The skills and techniques used by forensic scientists will make the jump from the crime scene to the classroom after the Abbotsford school district approved the creation of a new hands-on course at Rick Hansen secondary school.
An elective science course, Forensic Science 11 “aims to enhance scientific literacy, by developing students’ critical-thinking and problem-solving skills while applying concepts from various sciences (such as mathematics, physics, biology, chemistry) to the analysis of physical evidence from crime scenes,” according to a proposal by Rick Hansen teacher Silvia-Carmen Comanescu, who developed the course.
The course will look at the collection of evidence including fingerprints, hairs and fibres, poisons and intoxicants, trace evidence, and blood and DNA. It won’t, however include entomology, human remains or firearms as topics due to their “sensitive nature.”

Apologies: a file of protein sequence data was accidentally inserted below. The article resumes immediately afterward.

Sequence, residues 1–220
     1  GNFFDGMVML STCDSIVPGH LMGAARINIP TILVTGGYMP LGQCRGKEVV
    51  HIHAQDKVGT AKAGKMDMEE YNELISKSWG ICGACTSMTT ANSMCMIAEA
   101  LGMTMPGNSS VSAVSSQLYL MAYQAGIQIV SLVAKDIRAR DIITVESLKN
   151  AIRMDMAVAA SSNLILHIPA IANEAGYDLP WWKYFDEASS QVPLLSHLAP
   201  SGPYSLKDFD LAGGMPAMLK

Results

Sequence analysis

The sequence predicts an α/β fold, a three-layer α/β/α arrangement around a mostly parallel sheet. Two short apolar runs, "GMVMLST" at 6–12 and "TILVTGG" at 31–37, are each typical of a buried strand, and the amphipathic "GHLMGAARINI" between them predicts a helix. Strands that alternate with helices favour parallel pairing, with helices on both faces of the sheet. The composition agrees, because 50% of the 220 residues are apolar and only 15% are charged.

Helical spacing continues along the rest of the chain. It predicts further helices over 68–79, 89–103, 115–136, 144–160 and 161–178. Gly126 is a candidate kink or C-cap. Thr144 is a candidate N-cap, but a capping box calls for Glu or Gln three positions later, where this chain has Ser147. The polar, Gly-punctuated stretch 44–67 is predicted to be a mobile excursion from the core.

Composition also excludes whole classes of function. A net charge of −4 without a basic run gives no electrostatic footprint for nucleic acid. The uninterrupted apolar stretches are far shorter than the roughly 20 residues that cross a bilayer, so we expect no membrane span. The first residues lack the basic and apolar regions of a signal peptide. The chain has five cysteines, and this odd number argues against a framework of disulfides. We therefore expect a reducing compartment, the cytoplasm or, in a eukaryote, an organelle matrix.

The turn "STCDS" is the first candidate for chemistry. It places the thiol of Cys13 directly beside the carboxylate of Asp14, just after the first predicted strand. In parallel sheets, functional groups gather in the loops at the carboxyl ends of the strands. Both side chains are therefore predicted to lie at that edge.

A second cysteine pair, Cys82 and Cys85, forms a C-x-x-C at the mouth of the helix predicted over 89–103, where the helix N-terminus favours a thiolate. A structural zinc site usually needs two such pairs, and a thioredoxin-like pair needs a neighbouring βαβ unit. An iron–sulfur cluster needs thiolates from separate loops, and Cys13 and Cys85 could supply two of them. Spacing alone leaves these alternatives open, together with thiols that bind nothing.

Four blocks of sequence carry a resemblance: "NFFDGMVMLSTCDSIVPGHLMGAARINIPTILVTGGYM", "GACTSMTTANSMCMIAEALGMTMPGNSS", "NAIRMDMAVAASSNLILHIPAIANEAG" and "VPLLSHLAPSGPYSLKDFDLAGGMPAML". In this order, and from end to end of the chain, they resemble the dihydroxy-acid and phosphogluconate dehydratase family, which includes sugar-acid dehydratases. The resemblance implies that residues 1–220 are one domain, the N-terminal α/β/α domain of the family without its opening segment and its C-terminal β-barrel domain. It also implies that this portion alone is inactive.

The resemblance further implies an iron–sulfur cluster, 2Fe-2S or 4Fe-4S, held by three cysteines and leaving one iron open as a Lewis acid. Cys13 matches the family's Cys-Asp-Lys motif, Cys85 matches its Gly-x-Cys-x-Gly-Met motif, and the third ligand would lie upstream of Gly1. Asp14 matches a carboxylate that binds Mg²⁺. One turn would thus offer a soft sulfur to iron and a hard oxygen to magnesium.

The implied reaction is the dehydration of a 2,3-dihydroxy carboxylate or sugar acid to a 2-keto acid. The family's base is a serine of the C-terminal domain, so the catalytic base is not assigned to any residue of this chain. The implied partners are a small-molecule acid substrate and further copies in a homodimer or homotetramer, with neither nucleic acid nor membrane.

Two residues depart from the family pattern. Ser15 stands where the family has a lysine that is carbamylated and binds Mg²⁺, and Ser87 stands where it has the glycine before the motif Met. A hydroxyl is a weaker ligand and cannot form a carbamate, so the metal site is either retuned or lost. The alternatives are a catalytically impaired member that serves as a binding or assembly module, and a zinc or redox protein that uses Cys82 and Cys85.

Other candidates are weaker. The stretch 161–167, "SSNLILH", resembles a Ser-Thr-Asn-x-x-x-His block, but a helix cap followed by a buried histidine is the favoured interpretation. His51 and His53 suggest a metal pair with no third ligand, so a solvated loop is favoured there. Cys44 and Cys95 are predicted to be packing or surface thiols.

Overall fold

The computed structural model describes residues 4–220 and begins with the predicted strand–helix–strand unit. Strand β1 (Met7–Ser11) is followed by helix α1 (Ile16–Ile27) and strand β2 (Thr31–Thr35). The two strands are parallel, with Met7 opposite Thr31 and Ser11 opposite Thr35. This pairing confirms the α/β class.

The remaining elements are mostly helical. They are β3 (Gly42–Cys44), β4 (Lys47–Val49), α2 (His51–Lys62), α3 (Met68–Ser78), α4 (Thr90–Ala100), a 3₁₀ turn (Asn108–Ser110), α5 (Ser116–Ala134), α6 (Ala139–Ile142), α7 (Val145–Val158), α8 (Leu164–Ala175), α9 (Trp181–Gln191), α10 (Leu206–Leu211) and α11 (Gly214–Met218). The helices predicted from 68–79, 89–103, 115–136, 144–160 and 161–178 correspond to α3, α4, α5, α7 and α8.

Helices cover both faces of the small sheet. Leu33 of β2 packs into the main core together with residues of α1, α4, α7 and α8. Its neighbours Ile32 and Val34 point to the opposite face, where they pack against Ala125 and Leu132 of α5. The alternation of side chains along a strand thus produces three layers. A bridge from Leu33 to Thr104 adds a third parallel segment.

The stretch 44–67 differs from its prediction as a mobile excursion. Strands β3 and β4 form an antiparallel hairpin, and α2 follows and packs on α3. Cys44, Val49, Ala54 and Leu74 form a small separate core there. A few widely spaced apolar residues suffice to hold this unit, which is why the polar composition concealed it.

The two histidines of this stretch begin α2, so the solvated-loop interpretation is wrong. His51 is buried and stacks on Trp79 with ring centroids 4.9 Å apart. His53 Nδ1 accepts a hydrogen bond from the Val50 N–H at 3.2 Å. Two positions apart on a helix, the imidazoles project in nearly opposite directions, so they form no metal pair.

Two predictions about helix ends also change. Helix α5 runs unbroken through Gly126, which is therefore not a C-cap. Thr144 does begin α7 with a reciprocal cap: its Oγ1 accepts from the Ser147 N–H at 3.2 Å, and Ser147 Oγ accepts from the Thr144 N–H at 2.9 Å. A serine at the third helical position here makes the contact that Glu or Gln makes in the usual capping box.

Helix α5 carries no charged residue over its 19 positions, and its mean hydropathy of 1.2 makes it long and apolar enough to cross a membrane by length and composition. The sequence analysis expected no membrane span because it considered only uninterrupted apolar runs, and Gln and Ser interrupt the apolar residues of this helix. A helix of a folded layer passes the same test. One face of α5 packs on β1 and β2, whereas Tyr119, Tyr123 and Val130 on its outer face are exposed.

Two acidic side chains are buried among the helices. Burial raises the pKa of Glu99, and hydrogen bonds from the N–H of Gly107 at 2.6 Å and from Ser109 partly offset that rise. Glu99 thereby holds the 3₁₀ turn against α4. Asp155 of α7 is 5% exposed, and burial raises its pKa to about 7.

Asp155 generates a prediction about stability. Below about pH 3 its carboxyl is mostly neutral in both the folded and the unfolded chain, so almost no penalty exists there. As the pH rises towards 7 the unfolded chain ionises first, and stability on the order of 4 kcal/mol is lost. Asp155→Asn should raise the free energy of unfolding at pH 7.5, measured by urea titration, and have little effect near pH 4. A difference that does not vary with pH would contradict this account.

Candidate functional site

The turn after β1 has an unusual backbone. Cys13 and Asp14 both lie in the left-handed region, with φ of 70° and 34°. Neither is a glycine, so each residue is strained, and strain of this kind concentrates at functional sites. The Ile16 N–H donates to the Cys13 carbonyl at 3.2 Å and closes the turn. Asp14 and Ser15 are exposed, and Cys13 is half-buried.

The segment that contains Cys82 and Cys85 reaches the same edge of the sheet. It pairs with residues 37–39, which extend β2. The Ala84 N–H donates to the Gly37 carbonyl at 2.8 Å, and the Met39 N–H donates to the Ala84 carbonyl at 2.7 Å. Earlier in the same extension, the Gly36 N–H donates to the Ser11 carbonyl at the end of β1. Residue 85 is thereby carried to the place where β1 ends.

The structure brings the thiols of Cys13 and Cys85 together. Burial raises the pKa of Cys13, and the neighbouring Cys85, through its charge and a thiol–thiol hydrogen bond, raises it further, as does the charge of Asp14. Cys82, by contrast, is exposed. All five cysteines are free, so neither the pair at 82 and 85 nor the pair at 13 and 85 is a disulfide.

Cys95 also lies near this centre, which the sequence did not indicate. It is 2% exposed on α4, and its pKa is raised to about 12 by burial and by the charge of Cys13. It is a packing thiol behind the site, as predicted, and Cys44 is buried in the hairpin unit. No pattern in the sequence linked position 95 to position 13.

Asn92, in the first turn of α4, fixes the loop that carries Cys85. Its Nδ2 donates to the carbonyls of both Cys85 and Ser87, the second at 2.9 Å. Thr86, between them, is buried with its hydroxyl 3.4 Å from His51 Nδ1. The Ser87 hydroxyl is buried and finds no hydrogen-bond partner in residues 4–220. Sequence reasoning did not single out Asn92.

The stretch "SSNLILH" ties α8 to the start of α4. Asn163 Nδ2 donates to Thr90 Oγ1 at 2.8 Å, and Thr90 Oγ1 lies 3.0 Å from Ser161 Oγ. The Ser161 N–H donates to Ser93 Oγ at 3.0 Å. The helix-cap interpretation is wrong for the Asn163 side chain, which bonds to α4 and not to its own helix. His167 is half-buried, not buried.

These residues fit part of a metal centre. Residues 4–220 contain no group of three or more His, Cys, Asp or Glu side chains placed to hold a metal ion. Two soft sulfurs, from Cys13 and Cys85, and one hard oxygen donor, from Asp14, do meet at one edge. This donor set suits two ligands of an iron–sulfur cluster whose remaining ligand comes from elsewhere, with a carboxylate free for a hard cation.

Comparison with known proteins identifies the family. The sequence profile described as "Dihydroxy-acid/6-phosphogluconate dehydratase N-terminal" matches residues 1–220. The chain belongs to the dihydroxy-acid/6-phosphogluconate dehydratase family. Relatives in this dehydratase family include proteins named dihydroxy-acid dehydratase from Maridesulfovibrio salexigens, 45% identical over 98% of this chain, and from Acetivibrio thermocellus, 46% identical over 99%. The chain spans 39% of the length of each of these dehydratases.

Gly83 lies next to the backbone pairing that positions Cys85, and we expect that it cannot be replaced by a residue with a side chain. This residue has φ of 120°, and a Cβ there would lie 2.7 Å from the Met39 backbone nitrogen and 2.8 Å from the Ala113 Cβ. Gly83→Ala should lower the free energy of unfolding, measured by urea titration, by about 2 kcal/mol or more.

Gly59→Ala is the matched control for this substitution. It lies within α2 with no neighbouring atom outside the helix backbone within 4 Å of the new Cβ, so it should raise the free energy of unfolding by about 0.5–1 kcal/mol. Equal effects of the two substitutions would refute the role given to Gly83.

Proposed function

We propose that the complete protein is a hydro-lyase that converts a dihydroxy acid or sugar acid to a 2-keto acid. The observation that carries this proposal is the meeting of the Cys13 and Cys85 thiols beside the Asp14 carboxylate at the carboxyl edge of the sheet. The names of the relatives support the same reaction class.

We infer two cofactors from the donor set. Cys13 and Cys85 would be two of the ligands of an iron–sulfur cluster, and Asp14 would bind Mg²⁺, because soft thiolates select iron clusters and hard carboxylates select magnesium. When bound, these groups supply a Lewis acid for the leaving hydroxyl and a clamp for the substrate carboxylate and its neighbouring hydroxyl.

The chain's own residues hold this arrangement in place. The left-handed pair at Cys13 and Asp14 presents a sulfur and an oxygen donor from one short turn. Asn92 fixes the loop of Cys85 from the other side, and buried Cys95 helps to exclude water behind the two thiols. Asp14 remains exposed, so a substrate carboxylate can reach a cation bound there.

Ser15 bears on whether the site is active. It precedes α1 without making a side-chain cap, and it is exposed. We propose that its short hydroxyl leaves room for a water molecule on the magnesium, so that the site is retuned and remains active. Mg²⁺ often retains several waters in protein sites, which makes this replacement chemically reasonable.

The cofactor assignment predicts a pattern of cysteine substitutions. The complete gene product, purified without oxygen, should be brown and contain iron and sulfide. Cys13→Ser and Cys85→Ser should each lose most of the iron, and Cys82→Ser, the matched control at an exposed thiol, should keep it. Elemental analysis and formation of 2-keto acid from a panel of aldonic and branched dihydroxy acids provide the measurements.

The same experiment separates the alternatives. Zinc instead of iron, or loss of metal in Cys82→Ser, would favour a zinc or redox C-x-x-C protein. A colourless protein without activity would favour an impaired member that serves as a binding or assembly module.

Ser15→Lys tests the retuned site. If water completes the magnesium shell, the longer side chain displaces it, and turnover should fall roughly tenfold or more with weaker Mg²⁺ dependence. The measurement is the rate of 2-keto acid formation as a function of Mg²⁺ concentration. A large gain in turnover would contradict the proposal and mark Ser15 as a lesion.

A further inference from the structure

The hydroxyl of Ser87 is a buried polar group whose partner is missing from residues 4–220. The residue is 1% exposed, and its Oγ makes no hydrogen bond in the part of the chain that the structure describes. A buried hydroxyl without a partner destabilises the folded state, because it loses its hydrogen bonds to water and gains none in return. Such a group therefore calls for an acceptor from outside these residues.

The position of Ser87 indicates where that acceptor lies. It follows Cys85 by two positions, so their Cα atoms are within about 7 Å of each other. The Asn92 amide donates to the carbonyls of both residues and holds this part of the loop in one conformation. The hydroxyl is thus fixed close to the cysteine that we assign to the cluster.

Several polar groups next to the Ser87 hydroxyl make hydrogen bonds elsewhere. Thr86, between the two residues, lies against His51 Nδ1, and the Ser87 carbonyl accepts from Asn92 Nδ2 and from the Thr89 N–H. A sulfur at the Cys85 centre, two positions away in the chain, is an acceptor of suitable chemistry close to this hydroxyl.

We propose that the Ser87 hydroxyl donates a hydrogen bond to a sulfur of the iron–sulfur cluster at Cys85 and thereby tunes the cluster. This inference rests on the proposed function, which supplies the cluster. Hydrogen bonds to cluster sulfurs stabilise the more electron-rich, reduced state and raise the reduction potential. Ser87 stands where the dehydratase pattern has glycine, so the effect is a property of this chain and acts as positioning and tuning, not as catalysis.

Comanescu wrote that the course will show students how science can be applied beyond the classroom. “This applied science course … requires observation, communication, and organization skills, thus benefitting the overall learning experience of the students, and motivating them to develop their study and process skills in an engaging and meaningful way toward personal development and toward relating school work to life.”
The school board voted unanimous to approve Forensic Science 11 as a board/authority authorized course. It can now be offered in the next school year.